Starting next year, it will cost attorneys more money to practice law in Illinois.
The Illinois Supreme Court today announced a hike to the annual registration fee that will cost attorneys an additional $16 or $40, as well as a rule change that will end an exemption to the fee for active lawyers over the age of 75.
The fee increase, laid out in an amendment to Supreme Court Rule 756, means Illinois attorneys who have been practicing for more than three years will have to pay an additional $40 –from $342 to $382—each year.
Attorneys who have been practicing for less than three years, as well as those on inactive status and out-of-state-lawyers who can practice in Illinois under Supreme Court Rule 707, will see their annual registration fees jump from $105 to $121, a $16 bump.
Set to take effect Jan. 1, 2015, the fee increase will benefit the Attorney Registration and Disciplinary Commission (ARDC) and the court’s Commission on Professionalism.
When it comes to the $40 increase, the ARDC will receive $30 and the commission will get the remaining $10. The ARDC will receive the entire amount of the $16 bump.
According to the high court, the fee hike “amounts to an increase of 11 cents per day for attorneys who are in active status for more than three years.”
The court notes that “Even with the increase in fees, Illinois, which has the fifth largest lawyer population with approximately 94,000 licensed attorneys, ranks 21st of the states and the District of Columbia in the amount it assesses in mandatory licensing fees and dues for active status attorneys.”
The Supreme Court also announced that although previously exempted, active attorneys over the age of 75 will have to start paying the annual registration fee next year.
This change was recommended by the ARDC, which urged the justices to eliminate the fee exemption of slightly more than 1,600 attorneys over 75 as a way for all of Illinois’ attorneys to share the cost of the disciplinary and regulatory system.
More than $320,000 in additional funding will be available to the ARDC each year, as well as more than $228,000 to other agencies supported by the annual registration fees, through the elimination of this exemption, the court estimates.
Attorneys over the age of 75 who are on retired status, however, will still be able to provide pro bono work without paying the fee under Supreme Court Rule 756, the release states.
The increase, according to the court, will only mark the seventh time annual registration fees directed to benefit ARDC operations have been raised since commission was created 41 years ago, with the last hike taking place in 2007.
ARDC Administrator Jerome Larkin said in the release that “[t]he timing and amount of the ARDC’s fee increase request takes into account the economic challenges facing many lawyers.”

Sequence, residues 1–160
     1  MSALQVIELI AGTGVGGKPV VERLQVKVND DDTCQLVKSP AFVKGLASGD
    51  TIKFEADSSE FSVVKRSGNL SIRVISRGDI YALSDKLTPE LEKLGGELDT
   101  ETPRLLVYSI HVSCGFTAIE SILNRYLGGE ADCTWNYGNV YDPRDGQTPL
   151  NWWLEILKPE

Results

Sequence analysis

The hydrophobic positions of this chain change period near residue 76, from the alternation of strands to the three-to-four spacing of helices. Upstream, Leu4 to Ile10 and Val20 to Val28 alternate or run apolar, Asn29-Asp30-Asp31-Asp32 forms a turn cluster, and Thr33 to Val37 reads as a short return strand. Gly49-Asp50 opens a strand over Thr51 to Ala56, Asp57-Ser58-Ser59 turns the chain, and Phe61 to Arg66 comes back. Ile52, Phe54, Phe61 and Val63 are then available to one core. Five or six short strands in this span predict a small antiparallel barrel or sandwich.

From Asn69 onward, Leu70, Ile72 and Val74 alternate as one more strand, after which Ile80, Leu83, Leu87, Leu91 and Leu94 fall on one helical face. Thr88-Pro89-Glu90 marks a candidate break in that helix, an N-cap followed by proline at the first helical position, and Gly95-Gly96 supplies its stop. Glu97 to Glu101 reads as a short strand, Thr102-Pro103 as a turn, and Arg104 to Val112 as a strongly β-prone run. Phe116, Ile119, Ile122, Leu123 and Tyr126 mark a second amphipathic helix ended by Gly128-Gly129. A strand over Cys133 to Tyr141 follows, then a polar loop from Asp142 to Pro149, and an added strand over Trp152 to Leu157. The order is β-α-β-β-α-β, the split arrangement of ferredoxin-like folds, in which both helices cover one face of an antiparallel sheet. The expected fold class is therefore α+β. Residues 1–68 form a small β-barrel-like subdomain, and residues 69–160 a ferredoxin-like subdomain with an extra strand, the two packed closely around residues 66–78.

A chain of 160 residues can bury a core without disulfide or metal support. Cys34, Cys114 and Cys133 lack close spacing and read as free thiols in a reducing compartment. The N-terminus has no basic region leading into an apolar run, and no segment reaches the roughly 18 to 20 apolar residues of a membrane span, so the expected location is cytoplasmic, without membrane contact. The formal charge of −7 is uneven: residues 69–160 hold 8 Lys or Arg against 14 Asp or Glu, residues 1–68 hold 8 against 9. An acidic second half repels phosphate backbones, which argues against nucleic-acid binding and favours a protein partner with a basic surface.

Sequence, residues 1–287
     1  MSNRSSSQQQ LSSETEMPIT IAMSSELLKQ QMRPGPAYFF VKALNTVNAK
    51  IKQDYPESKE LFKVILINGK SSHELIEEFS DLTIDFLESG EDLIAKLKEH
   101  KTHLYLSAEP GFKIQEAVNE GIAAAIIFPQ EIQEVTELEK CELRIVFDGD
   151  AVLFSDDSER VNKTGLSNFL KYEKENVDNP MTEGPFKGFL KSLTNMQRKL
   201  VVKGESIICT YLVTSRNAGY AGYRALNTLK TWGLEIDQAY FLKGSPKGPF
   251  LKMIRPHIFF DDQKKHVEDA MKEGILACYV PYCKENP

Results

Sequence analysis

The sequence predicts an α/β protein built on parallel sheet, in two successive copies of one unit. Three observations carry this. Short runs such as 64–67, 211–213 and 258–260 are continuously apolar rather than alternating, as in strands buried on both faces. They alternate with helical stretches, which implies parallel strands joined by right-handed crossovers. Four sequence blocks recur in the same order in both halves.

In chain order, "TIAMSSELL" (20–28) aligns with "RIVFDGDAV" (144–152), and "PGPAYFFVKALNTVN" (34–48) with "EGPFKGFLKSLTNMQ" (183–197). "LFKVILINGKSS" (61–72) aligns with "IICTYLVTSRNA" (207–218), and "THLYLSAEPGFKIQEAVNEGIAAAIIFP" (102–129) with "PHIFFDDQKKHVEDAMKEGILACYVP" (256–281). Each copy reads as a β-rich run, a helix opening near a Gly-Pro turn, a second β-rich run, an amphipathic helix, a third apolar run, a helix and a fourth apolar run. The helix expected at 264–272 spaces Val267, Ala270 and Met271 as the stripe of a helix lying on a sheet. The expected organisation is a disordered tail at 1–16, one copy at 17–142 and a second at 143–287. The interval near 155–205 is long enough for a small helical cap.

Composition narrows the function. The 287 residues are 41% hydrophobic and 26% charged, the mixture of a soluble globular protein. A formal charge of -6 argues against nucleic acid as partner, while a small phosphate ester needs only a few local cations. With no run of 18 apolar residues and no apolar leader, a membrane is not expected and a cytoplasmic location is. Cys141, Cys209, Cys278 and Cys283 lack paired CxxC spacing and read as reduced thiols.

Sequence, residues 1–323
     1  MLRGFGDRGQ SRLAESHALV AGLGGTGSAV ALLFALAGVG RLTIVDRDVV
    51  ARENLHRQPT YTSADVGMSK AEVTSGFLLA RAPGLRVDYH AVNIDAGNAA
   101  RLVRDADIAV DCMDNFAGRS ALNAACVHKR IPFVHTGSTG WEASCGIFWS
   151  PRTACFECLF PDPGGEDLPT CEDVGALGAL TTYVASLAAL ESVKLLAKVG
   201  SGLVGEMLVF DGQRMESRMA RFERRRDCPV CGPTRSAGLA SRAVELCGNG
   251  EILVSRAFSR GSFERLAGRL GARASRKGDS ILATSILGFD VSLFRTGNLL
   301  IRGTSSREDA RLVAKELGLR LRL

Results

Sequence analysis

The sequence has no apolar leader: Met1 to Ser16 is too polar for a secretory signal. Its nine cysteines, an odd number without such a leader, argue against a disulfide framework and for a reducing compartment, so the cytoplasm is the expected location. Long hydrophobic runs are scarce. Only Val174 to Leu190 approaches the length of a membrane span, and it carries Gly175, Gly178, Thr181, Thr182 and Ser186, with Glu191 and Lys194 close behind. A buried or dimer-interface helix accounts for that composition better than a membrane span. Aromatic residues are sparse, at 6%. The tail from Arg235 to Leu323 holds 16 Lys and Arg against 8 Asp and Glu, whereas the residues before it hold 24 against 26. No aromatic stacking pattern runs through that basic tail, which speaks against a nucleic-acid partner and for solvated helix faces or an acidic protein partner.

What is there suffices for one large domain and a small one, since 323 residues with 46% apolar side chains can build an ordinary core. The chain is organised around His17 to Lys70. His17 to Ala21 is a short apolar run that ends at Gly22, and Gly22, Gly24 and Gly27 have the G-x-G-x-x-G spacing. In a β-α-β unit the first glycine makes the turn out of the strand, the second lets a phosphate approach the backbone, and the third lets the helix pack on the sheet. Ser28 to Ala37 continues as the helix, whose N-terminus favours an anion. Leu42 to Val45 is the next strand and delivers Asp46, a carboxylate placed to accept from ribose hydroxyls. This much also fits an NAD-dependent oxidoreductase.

“Our fee has not been raised in eight years – twice its projected lifespan. The ARDC has acted prudently to extend the life of that fee in response to the Court’s directive for fiscal restraint during the economic downturn,” Larkin said. “The additional funds will allow the ARDC to continue its educational, remedial, and disciplinary work.”
The court said the ARDC will use the extra money it will get from the fee increase “to undertake new and expanded responsibilities in education of the profession” in support of the updated Rules of Professional Conduct that took effect in 2010.
The ARDC will also use its share of the fee increase to upgrade technology and fund the cost of regulating and disciplining out-of-state attorneys allowed to practice in Illinois.
The Commission on Professionalism is set to use the money it will get from the new fee to “assist providers in developing innovative and interactive professional responsibility Continuing Legal Education (CLE) courses.”
The commission ,which the court created in 2005 to promote professionalism and civility among lawyers and judges, also plans to use its funds from the fee hike to continue to expand its statewide lawyer-to-lawyer mentoring program.
Since it was established in 2005, the court said the mentoring program has grown to include more than 75 law firms, bar associations and other groups serving as sponsors organizations, as well more than 1,300 new lawyers and mentors as participants.
In addition, the court notes that the commission will use some of its new fee funds to raise its social media presence. The Commission recently launched an interactive website –2civility.org – and a social media campaign “to better reach lawyers across generations and across the state,” the release states.
Jayne Reardon, the commission’s executive director, said she is “thrilled about the opportunity to work in even more creative and proactive ways on behalf of our profession” and “grateful for the support of the court.”
“Technology is rapidly changing our profession, including both the very nature and the delivery of legal services,” Reardon said in the release. “Our efforts to promote professionalism are more important than ever.”